The red arils are not berries, but fleshy non-poisonous receptacles for the hard female seed cone within them, which is intensely poisonous. The tree uses the aril to attract birds which feed on the pulpy red surround, depositing the in-edible seed cone elsewhere to propagate the species. The red arils are edible by humans too, but the hard and very poisonous seed cone must not be eaten! Besides the female cones within the arils, there are also male cones nestled near the outgrowth of the leaves on smaller branches; about the size of a black peppercorm these are inconspicuous and look like miniature brussel sprouts. The seeds take about two years to germinate, and the seedling requires deep shade and shelter. The seedling grows slowly so is vulnerable to disturbance and grazing.
The leaves and stems are poisonous to most (if not all) mammals, including humans, but not the fleshy red arils (although the seed cone contained within it is very poisonous). Yew contains a varied cocktail of toxic diterpene Taxanes and Baccatins, the Toxanes block Na+ and Ca2+ channels in heart cells, whilst Taxol and Decetaxel are spindle poisons, inhibiting cell division by preventing microtubules from de-polymerising. Symptoms of poisoning include mydriasis, nausea, vomiting, dizziness, tachycardia, diarrhoea, kidney damage. At first breathing is stimulated and the victim may hyperventilate, leading to acidosis; later breathing is suppressed. Pulmonary spasms follows, then coma and death from respiratory and circulatory failure in just 2 to 24 hours. Treatment is possible. The sawdust produced by sawing or sanding Yew wood should not be inhaled for it too contains toxins. Suicide by ingesting Yew tree leaves used to be a common occurrence. In antiquity Yew was known as the tree of death, and has been used to poison arrow tips. The dried leaves are more toxic than when fresh and green.
The Fortingall Yew growing in Perthshire, which is thought to be between 2000 to 5000 years old and is thought to be Britains oldest Yew. It is male (because it produces pollen), but has just recently suddenly started producing berries on one of its upper branches, which means that that part of the tree is now female. The rest of the tree is still producing pollen. Such sex-changes are not unknown, but are certainly rare.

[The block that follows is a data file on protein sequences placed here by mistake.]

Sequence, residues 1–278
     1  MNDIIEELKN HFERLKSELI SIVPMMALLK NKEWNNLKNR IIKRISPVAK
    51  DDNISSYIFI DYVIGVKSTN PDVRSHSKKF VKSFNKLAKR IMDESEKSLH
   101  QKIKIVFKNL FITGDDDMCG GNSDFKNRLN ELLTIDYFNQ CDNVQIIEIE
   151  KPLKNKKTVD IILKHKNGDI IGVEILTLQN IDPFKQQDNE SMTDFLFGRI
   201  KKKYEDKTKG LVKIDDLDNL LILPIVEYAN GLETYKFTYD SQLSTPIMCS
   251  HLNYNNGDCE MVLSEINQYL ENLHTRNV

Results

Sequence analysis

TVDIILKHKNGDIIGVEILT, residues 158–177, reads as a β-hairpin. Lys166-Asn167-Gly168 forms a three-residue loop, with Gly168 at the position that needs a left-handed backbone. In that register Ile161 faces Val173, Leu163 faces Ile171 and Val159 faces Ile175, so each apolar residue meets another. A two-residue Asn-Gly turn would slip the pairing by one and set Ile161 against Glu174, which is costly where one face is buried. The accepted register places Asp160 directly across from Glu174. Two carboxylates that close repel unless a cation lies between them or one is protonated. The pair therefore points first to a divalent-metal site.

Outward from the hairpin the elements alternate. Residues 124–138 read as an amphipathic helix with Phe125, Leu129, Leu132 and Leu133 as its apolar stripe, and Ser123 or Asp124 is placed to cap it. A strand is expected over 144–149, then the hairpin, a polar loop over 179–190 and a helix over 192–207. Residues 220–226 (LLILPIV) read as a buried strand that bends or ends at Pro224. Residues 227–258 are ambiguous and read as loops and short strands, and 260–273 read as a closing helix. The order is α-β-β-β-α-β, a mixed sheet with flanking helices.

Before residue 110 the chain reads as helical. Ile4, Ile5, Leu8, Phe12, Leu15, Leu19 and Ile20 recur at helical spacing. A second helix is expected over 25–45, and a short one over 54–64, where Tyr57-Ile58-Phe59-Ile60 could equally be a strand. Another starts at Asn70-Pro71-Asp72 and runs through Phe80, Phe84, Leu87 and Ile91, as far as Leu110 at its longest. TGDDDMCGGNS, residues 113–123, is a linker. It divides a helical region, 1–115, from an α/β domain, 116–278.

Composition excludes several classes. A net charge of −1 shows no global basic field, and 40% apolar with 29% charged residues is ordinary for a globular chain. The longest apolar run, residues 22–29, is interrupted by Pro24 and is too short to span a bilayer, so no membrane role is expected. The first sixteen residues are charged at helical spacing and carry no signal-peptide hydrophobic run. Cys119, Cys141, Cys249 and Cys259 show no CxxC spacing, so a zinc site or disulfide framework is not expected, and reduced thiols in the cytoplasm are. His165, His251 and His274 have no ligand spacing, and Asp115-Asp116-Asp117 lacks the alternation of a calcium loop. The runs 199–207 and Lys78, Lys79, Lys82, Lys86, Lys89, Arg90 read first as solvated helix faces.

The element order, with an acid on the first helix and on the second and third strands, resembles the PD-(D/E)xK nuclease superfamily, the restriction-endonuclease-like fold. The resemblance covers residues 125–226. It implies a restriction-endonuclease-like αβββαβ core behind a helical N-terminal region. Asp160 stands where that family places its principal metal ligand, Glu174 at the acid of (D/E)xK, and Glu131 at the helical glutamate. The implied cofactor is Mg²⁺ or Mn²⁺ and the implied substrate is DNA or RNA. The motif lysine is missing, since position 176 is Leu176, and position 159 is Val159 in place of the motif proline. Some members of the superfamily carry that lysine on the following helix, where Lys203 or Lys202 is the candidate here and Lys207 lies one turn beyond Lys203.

[The Author speculates:]
This might be viewed as a last ditch strategy to propagate. The tree might be under more stress of late (after all, it is likely that the environment in which it first grew up in thousands of years ago has altered considerably in the intervening millennia and it might think itself now in danger of dying, and thus at risk losing its genetic make-up forever). This stress may well have encouraged some once-male flowers to change into female flowers. Stress can alter the expression of DNA by epigenetic changes to the DNA (by methylation and/or acetylation) and this may be one mechanism by which flowers can change sex. There are probably many other ways too. When the flowers are mated sexually, some of those methylated genes may find themselves in the seeds (and ultimately the offspring. However, not all epi-genetic changes are heritable (passed on to offspring); many changes are reset at fertilization. But by implication, some are not reset. And these flowers may impart some extra feature to the seedling enabling it to better tolerate the changes that have occurred in its local environment over the last millennia. Although Yew trees do readily propagate vegetatively those seedlings will be clones of the parent. By reproducing sexually any modified germ-cell genes can become incorporated into the offspring (especially if the sex-change was due to genetic or epigenetic changes) which may confer a better ability to tolerate changes in environment.
Taxol, or Paclitaxel, was first discovered in the bark of the rare Pacific Yew Tree (which is not native to the UK) from where it was commercially extracted until a method of laboratory synthesis was devised. It is also present in our Yew. It was found to be a very effective treatment for some cancers, but not all; cancer is not one disease, but many. Taxol stabilises microtubules against disassembly, inhibiting cell division (in both normal growing, and in cancer). It is now marketed under the Generic name Taxol and brand name Paclitaxel. Taxol consists of three condensed rings, one of 4, five of 6 and the other of 8 members. The eight-membered ring, oxetane (shown in blue), is crucial to the drugs activity, as is the benzoyl group (shown in red).
Taxol is just one of possibly seven Taxines and Taxoids (which include Taxine B, Isotaxine B and Cephalomannine) which are the main toxic pseudo-alkaloids and deadly poisonous constituents of Yew trees.